This is an edited and extended version of an article first published in Computing, 11 May 2000
Palo Alto Research Centre, Parc, opened in July 1970 on a bucolic hill overlooking Silicon Valley, before it was called Silicon Valley. The valley, once dominated by agriculture but now crowded with the suburban sprawl that makes up the world’s greatest cluster of IT businesses, was injected with silicon by Parc’s Ears project: Ethernet, Alto, Research character generator and Scanning laser output terminal. The four components of Ears created a network, a computer for one person, a memory buffer for a printer and a laser printer, all invented nearly from scratch. Together, they set the template for the billions of personal computers produced since. Continue reading “Parc life: how Parc Xerox changed the world – 2”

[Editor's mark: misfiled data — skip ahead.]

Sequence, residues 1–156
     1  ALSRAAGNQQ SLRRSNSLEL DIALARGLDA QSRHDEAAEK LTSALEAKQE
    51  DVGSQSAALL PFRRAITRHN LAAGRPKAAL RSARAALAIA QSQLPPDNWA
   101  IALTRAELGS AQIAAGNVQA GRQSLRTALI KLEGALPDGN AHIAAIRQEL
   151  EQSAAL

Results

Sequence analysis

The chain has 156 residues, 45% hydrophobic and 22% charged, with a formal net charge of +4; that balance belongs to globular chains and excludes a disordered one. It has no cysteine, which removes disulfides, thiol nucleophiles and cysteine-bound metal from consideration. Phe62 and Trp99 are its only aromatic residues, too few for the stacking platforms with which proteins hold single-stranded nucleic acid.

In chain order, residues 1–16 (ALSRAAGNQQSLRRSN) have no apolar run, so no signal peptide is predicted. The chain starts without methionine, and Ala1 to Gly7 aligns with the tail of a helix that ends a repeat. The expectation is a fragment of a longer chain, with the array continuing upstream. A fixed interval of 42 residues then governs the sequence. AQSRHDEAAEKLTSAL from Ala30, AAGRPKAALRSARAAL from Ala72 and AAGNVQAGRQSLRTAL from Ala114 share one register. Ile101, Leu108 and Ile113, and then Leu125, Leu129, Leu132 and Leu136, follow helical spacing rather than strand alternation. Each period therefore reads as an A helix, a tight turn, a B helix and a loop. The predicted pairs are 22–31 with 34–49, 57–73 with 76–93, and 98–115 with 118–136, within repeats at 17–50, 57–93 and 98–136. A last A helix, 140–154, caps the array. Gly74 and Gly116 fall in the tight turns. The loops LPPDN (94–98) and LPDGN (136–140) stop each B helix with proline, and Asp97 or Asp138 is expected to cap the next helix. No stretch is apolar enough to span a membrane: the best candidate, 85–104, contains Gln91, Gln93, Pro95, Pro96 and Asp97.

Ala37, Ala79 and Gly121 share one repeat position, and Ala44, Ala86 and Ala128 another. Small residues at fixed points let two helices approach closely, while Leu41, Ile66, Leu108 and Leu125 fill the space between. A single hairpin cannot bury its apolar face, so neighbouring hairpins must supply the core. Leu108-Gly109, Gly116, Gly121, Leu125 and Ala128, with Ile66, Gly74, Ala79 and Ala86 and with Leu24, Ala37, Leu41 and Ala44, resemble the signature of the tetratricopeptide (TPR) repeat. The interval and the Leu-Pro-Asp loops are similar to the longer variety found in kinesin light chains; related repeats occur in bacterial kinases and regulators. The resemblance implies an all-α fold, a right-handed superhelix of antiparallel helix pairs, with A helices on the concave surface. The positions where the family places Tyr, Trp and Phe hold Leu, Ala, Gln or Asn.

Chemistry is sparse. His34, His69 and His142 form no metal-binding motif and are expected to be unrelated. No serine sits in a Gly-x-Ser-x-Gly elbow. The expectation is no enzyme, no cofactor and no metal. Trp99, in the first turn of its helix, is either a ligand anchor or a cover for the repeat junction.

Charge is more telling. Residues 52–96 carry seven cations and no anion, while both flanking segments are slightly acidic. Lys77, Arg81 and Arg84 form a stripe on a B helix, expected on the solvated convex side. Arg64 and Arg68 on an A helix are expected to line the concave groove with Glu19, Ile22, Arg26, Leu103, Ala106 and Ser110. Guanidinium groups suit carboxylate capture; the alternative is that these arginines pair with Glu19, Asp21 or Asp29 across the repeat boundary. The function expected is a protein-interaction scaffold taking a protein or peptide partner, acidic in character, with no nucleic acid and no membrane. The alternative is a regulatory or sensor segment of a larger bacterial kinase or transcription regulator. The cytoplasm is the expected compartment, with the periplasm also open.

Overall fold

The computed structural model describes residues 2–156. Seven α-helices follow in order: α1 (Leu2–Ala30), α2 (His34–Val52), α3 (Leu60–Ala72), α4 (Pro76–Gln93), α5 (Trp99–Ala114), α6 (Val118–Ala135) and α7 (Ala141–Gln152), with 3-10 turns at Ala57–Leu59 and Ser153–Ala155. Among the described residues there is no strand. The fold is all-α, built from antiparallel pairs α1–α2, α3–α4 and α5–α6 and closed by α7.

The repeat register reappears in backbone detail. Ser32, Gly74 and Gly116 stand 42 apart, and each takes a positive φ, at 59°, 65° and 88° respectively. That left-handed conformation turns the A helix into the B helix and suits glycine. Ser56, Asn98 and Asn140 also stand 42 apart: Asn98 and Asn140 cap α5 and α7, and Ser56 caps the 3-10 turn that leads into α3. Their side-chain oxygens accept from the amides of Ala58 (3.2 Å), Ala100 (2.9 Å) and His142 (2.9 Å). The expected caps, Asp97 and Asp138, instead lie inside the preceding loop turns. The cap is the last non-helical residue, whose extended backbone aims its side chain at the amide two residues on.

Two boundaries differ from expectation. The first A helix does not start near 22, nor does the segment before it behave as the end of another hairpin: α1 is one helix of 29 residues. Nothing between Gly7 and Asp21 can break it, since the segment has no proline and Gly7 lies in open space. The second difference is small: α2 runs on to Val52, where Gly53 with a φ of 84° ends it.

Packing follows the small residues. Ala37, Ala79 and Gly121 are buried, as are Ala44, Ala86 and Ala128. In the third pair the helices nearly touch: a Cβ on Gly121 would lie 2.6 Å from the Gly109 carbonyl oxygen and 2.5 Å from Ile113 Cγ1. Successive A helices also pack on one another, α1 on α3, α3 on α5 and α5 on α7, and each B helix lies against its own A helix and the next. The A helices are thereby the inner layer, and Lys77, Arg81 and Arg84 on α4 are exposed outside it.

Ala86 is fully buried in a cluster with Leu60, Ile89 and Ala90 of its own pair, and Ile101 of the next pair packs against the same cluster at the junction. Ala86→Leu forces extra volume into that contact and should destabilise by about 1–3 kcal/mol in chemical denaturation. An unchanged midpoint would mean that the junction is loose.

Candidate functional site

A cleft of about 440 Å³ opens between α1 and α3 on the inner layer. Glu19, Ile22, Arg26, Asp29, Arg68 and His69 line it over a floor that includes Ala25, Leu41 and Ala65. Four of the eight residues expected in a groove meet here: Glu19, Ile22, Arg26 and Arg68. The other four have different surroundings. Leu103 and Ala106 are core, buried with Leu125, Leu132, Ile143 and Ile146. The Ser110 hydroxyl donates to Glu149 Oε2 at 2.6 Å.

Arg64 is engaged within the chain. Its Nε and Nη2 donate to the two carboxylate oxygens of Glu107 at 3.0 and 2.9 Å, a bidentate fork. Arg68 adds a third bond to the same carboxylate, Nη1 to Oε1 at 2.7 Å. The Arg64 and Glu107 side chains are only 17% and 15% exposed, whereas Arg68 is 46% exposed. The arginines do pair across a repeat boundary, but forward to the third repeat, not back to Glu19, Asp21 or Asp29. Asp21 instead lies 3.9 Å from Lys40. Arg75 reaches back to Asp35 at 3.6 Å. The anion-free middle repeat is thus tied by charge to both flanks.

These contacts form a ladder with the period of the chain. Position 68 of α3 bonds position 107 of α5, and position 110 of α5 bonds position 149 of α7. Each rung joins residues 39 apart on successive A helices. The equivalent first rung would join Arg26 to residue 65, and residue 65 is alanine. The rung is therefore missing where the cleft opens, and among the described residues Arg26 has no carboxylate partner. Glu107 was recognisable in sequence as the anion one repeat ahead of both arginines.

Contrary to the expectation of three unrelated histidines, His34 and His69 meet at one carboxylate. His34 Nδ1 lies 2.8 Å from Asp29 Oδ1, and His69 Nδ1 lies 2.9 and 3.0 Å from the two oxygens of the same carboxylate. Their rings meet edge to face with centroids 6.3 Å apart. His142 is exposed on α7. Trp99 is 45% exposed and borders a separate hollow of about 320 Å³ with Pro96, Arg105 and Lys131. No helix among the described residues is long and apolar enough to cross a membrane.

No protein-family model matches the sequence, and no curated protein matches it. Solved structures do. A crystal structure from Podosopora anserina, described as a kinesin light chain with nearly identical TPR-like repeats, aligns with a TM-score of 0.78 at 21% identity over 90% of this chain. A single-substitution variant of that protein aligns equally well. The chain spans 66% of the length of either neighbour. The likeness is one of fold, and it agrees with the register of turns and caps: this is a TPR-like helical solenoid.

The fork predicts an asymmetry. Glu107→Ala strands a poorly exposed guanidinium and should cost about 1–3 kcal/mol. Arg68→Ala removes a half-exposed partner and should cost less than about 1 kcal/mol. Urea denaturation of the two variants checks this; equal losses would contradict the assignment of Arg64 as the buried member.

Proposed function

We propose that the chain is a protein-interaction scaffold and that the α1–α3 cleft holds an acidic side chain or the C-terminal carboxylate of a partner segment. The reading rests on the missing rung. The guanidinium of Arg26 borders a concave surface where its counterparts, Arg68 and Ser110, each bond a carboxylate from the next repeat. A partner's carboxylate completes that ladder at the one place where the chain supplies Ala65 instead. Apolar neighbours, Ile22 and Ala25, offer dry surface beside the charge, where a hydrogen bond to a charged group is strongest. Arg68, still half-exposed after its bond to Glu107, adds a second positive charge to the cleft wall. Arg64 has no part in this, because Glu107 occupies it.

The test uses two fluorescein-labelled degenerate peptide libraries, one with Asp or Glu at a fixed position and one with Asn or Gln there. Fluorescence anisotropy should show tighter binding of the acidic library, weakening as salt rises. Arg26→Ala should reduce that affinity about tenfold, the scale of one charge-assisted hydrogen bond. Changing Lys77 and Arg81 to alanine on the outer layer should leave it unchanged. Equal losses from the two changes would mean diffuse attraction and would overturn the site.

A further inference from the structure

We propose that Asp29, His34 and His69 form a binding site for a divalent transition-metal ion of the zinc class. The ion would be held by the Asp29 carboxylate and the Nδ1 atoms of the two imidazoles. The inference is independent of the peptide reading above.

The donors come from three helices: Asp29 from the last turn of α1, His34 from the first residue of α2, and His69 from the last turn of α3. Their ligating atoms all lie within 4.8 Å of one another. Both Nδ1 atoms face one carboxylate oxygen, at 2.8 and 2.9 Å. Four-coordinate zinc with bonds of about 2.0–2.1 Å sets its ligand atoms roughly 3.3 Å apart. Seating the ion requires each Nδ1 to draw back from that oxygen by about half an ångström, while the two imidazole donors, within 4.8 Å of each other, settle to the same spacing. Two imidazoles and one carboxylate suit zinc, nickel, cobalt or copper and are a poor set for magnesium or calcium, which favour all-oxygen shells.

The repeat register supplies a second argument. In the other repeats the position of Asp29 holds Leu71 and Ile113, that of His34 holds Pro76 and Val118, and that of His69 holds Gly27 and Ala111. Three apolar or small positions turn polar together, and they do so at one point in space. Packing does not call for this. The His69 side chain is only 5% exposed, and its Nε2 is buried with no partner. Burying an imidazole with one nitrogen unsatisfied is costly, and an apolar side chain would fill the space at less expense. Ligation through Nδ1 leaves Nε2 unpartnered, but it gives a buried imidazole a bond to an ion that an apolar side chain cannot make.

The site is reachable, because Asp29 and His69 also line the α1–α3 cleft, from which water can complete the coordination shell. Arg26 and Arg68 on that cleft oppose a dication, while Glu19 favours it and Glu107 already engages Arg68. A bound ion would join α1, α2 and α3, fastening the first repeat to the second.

In the dot com era of the late 1990s and very early 2000s, IT companies ran lavish press trips. Most generated pretty awful journalism, partly because the companies wanted to get something out of organising the trip, partly because journalists treated such trips as paid holidays.
Peter Kirwan, my editor at Computing, sent me on my first press trip asking “how would you like to go to the Atlas mountains?” Another journalist at the paper, now a senior editor at a national newspaper, described IT journalists as having “working class pay, middle class attitudes and upper class lifestyles”. The main problem I found on such trips – apart from getting some sort of usable copy out of them – was how to order something from the expensive hotel room service that I could get past the editor when claiming expenses. I ate a lot of club sandwiches. Continue reading “Parc life: how Parc Xerox changed the world”